The so-called Regional Recovery Strategy includes debris and trash removal; immediate short-term job opportunities; the restoration of damaged infrastructure and local business aid.
UN Spokesperson Stephane Dujarric again.
“The temporary training and employment for affected women and men aims to quickly inject cash in affected communities, tools, equipment, technical capacity of professionals such as engineers and architects. The strategy also entails training and support to community-based micro and small businesses to help resume economic activities.”
Mr Dujarric added that UNDP had deployed crisis recovery experts to the region, ready to provide immediate assistance.
Other humanitarian workers have been deployed to the hard-hit island of Turks and Caicos, as well as Antigua and Barbuda.
Meanwhile, the UN Children’s Fund, UNICEF, is trying to get 3 million chlorine tablets to support water purification efforts in Cuba, which is suffering from record flooding after its northern coast was lashed by Category 5 winds.
Source: United Nations RadioRead More
BUDUA, CAMEROON � The head of the multinational task force fighting Boko Haram says the war against the militants is being won, but warned that suicide bombings remain a threat, killing close to 400 people in Nigeria and Cameroon since April.
Soldiers from the 7,800-person task force have been stationed in several towns and villages along the Nigeria-Cameroon border since those communities were liberated from Boko Haram a little over a year ago.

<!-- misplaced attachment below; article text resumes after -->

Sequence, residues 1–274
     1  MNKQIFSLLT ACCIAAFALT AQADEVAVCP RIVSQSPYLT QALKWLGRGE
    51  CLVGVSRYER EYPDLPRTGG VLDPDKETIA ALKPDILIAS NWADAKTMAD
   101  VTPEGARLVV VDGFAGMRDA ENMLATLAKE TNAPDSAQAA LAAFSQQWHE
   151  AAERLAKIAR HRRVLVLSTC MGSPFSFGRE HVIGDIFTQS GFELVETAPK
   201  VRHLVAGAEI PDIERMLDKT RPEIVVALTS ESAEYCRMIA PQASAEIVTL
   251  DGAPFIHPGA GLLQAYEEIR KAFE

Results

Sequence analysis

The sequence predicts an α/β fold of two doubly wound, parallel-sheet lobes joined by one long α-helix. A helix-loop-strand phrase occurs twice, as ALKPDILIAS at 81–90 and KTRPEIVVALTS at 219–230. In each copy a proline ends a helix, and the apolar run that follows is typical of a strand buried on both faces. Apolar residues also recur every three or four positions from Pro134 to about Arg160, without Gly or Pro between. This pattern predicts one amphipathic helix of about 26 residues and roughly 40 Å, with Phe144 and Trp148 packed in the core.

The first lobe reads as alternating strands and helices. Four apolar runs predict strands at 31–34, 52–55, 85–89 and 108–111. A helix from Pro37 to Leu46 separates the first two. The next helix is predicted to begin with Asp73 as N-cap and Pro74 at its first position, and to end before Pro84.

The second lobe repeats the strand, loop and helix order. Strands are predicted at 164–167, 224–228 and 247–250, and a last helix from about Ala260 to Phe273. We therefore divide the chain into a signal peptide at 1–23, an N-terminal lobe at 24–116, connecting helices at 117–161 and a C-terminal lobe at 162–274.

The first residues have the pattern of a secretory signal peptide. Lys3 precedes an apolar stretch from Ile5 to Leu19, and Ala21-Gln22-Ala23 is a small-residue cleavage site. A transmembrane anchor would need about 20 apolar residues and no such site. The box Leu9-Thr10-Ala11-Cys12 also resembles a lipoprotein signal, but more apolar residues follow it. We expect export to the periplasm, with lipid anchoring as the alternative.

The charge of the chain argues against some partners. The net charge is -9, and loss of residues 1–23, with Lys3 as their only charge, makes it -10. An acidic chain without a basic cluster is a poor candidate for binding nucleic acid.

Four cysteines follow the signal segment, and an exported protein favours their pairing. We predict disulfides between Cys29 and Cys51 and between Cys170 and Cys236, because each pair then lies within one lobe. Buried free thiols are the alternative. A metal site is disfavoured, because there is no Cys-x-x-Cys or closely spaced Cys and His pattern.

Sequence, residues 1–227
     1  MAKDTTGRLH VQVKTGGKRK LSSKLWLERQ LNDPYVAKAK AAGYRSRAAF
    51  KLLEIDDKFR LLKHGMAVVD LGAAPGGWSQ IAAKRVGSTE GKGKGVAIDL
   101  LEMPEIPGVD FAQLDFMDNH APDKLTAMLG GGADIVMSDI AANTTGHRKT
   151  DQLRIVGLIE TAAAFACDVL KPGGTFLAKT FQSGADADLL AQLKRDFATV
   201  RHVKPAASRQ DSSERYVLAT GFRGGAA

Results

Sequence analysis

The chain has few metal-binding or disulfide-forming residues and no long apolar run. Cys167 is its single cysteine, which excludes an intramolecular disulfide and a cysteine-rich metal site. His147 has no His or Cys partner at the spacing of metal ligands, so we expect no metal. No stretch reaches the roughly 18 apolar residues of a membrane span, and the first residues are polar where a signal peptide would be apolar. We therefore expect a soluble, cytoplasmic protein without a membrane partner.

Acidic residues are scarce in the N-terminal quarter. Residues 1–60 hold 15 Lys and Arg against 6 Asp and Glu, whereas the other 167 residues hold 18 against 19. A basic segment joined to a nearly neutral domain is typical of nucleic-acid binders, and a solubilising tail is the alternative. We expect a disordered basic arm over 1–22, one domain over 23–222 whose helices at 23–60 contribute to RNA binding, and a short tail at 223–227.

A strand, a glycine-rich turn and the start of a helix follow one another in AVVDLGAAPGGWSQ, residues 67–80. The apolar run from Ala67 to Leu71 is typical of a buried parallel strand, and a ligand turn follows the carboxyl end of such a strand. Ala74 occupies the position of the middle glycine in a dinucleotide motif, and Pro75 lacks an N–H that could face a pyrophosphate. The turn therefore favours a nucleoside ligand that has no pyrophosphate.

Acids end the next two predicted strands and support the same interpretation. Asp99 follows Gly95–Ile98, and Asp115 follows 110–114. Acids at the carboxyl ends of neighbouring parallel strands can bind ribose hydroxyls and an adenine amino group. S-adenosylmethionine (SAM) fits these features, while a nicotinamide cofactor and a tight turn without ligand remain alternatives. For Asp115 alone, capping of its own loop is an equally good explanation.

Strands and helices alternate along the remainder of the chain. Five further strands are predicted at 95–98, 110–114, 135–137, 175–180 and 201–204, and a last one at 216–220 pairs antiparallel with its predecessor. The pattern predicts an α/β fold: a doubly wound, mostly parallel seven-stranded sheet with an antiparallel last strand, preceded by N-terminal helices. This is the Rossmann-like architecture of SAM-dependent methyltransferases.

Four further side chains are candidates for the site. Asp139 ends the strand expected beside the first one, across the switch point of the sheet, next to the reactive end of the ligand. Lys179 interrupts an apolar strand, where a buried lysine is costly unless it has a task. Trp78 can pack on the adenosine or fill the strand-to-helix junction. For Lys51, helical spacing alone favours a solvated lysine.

The force’s commander, Nigerian-born General Lucky Irabor, visited four communities along the border on Saturday to reassure local residents and rally the troops.
“Boko Haram and other criminal gangs, their end has come. Boko Haram is on the downward trend,” Irabor told the soldiers. “That alone should motivate you to know that the war is being won, and for you to give in the last of your energy and your commitment so that they would be completely defeated.”
Irabor ordered the soldiers to focus on stopping suicide bombers, and to work more closely with local self-defense groups. He urged civilians to report anything or anyone suspicious.
The Boko Haram conflict has displaced over two million people in four countries, but the governments of Nigeria and Cameroon are urging people to go home.
Irabor said the soldiers’ presence in villages will keep Boko Haram from taking them back.
However, security is not the only challenge the returnees face.
Aboubakar Bouba, an elder of Budua village on Cameroon’s northern border with Nigeria, returned home in August. He fled Budua after a Boko Haram attack in 2014.
The 75-year-old says the loud sounds of bombs that destroyed their village mosque, killing several people including their imam, also ruptured his eardrums.
A soldier asked Bouba how life has been in his village since he returned. Bouba said he is poor and lives on food aid from well-wishers and neighbors. He says he hasn’t seen his children since 2014, when they also fled.
The village, once home to 200 people, is now inhabited by approximately 70. The residents say they are hungry, but the fighting has devastated farmland, leaving farmers unable to cultivate crops or take care of livestock.
Cameroon’s government has announced plans to provide seeds to farmers and financial aid to unemployed youths to start small businesses, but the people of the village say they are still waiting.
Source: Voice of AmericaRead More